June 21, 2017

Natural Remedies for a Cold

Natural Remedies for a Cold

Getting sick in the summer really just sucks. Rather than rely on comfort foods with minimal nutrients (read: toast and tea), I really try my hardest to increase my vitamin, mineral, and nutrient intake to attenuate the duration and intensity of my plague. Admittedly I am still a bit sick right now so this post will be a work in process, but this is what I typically do.

Diet: minimal, minimal sugar, tons of vegetables. Aim for anti-inflammatory foods and gut-centric foods. Drink a lot of water, try to sleep, do some steams, take some supplements. Admittedly I am still a bit sick so this post will be a work in process, but this is what I typically do.

anti-inflammatory foods: herbs, spices, essential fatty acids, curcumin, green tea, cruciferous vegetables, all vegetables, lean protein, whole grains, nutritional yeast

avoid: refined carbs and vegetable oils, packaged foods, processed foods, hydrogenated fats, artificial sweeteners


  • omega-3 (2 pills, once a day) – Changing the fatty acid composition of immune cells affects phagocytosis, T-cell signaling and antigen presentation capability (all things that trap, engulf and kill off bacteria and infections). These effects appear to mediated at the membrane level suggesting important roles of omega-3 fatty acids ( 2 )
  • turmeric – 1 capsule, twice per day with food – curcumin can downregulate the expression of various proinflammatory cytokines including TNF, IL-1, IL-2, IL-6, IL-8, IL-12, and chemokines, as well as modulate the immune system ( 3 )

Anti-bacterial / anti-viral:

  • Oregano oil: 2 capsules, twice per day: studies demonstrate that oregano oil has both antioxidant and antibacterial properties ( 4 )
  • Garlic: 1 capsule, twice per day with food AND cook with tons of garlic – garlic supplements have the potential to lower blood pressure in hypertensive individuals, to regulate slightly elevated cholesterol concentrations, and to stimulate the immune system ( 5 )
  • ginger: 1 capsule, twice per day with food – the most significant among all the nutraceutical attributes of ginger are its positive influence on gastrointestinal tract including digestive stimulant action, anti-inflammatory influence, and anticancer effect ( 6 )

Immune boosting:

  • Vitamin D: 4 drops per day – the hormonal form of vitamin D up-regulates anti-microbial peptides, namely cathelicidin, to enhance clearance of bacteria at various barrier sites and in immune cells. Vitamin D modulates the adaptive immune system by direct effects on T cell activation and on the phenotype and function of antigen-presenting cells (APCs), particularly of DCs  ( 1 )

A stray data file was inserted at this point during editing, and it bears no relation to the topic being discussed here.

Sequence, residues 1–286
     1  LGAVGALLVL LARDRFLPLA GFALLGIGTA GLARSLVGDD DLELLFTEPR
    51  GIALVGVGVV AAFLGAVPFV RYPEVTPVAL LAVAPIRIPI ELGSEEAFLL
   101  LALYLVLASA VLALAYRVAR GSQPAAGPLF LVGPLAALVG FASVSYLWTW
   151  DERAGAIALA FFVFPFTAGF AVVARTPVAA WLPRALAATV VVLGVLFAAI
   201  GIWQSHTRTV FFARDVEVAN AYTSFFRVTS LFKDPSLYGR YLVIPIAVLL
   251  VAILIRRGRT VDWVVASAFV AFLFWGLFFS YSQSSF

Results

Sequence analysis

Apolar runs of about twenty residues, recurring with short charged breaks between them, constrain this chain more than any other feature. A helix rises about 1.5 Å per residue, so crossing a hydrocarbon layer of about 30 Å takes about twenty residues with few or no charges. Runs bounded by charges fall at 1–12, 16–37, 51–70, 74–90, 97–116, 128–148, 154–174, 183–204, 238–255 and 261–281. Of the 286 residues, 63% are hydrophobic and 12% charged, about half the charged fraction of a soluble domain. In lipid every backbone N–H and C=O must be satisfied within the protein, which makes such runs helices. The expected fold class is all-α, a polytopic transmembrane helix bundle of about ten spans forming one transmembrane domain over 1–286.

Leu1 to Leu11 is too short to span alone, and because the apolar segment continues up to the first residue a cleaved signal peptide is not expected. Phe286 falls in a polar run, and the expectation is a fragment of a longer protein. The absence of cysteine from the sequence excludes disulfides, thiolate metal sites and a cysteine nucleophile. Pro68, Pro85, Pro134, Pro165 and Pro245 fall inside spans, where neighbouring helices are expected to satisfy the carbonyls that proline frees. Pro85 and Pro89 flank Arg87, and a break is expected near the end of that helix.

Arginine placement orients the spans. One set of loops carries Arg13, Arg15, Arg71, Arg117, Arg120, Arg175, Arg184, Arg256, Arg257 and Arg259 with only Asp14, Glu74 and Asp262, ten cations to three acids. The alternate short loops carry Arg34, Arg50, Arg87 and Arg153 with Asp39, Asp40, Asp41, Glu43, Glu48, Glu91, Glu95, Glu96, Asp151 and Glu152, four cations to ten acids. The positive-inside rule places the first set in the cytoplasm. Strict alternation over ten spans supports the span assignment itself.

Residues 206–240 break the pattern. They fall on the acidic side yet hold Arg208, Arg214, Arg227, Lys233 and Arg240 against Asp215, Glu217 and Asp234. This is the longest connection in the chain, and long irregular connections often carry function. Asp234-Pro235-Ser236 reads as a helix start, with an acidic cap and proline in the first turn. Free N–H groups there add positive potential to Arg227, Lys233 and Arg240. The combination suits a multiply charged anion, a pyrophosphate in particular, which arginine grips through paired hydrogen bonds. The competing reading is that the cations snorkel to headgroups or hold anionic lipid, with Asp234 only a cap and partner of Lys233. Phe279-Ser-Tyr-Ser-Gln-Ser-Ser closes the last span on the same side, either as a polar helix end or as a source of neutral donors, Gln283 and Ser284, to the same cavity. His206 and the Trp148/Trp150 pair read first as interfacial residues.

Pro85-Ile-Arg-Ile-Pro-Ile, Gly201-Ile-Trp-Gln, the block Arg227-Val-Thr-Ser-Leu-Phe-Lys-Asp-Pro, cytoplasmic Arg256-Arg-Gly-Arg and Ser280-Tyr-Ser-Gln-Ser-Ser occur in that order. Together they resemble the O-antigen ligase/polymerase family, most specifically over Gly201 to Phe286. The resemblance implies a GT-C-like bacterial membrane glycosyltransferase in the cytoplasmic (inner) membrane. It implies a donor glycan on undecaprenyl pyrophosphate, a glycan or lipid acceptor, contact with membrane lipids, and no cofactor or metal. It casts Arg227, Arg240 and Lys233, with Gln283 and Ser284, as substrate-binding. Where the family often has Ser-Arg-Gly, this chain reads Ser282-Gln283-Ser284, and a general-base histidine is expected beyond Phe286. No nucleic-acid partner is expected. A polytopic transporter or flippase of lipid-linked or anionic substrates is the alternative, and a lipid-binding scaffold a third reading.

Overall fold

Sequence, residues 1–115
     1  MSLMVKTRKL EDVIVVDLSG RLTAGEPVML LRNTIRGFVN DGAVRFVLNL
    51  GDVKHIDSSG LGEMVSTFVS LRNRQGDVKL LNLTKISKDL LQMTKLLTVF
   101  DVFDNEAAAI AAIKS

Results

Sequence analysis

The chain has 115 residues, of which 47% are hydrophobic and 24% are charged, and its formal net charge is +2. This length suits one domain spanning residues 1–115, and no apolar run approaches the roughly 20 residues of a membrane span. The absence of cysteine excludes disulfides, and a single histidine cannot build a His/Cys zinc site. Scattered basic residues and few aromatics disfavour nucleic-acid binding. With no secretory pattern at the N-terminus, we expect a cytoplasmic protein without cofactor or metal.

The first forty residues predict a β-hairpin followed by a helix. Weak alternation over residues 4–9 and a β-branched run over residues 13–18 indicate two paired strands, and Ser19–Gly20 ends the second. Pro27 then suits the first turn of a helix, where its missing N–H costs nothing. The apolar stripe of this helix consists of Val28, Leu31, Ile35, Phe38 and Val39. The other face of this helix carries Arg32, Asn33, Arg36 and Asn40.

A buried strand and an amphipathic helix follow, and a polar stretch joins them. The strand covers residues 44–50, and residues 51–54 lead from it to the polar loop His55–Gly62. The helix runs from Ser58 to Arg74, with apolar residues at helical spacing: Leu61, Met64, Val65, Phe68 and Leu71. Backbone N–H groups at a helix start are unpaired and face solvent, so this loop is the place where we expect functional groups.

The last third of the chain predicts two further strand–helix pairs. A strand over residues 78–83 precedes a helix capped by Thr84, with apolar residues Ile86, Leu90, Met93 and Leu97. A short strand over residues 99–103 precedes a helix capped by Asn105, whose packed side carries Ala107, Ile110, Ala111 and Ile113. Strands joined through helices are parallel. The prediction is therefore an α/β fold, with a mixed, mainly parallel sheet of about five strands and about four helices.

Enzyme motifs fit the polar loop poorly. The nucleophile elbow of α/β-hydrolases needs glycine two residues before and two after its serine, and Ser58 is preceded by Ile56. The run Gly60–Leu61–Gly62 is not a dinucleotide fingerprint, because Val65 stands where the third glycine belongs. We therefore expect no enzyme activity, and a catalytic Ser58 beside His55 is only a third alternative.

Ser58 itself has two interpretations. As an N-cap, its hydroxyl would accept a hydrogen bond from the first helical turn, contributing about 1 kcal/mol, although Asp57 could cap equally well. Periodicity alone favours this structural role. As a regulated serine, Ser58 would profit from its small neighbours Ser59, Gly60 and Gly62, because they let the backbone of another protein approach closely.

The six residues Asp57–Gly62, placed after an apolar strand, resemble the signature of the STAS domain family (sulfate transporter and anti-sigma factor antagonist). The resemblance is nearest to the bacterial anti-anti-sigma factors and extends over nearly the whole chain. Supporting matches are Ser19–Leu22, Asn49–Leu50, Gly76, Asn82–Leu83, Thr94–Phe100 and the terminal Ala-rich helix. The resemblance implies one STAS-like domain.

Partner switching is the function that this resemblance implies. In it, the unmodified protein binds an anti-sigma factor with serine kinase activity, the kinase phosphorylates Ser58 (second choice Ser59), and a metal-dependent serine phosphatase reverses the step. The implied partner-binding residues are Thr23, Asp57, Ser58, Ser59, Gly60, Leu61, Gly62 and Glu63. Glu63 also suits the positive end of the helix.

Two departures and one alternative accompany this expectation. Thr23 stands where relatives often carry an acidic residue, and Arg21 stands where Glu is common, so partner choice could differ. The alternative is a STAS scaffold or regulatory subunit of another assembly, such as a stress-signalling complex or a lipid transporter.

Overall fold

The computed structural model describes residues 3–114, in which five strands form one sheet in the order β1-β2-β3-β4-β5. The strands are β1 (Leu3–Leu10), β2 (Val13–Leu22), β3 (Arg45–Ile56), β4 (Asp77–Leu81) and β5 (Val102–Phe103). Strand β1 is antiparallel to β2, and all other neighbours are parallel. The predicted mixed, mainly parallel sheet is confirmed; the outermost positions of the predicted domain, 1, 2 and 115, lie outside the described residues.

• Vitamin A: 1 capsules, twice a day, with meals. Vitamin A and D modulate a broad range of immune processes, such as lymphocyte activation and proliferation, T-helper-cell differentiation, tissue-specific lymphocyte homing, the production of specific antibody isotypes and regulation of the immune response ( 7 )
  • Vitamin C: 2 capsules, twice a day, with meals.
  • Elder berry: Take 15 drops in water twice a day to help increase the body’s defense cells. Elderberry is also safe to take on a regular basis, unlike some other immune-boosting herbs

For your gut: Most of the body’s immune cells are made in the gut, so if you’re trying to enhance your ability to fight off a sickness, coddle your gut like a puppy. To read more about this, check out this or this post.

Adaptogens in smoothies (all of the below enhance the immune system):

  • reishi: 1 tsp in smoothie (code lemons for 15% off root and bones)
  • chaga: 1 tsp in smoothie  (code lemons for 15% off root and bones)
  • he shou wu: 1 tsp in smoothies  (code lemons for 15% off root and bones)


In terms of brands, Integrative Therapeutics, Designs for Health, and Pure Encapsulations are good ones. 


1 ) Karmen, D.L., & Tangpricha, V. (2010). Vitamin D and molecular actions on the immune system: modulation of innate and autoimmunity. Journal of Molecular Medicine, 88(5), 441-450. doi: 10.1007/s00109-010-0590-9

2 ) Calder, P.C. (2007). Immunomodluation by omega-3 fatty acids. Prostaglandins, Leukotrienes and Essential Fatty Acids 77(5-6), 327-335. doi: 10.1016/j.plefa.2007.10.015.

3 ) Jagetia, G.C. & Aggarwal, B. (2007). “Spicing up” of the immune system by curcumin. Journal of Clnical Immunology, 27(1), 19-35. doi: 10.1007/s10875-006-9066-7

4 ) Jnaid, Y., Yacoub, R. & Al0Biski, F. (2016). Antioxidant and antimicrobial activities of  Origanum vulgare essential oil. International Food Research Journal, 23(4), 1706-1710.

5 )  Ried, K. (2016). Garlic lowers blood pressure in hypertensive individuals, regulates serum cholesterol, and stimulates immunity: An updated meta-analysis and review. Journal of Nutrition, 146(2), 389S-396S. doi: 10.3945/jn.114.202192

6 ) Srinivasan, K. (2017). Ginger rhizomes (Zingiber officinale): A spice with multiple health beneficial potentials.

( 7 ) Mora, J.R., Iwata, M., & von Andrian, U.H. (2008). Vitamin effects on the immune system: vitamins A and D take centre stage. National Review of Immunology, 8(9), 695-698. doi: doi: 10.1038/nri2378

( 8 ) Bliss. R.M. (2016). Adequate zinc vital to healthy immune response. Agricultural Research, 64(9).

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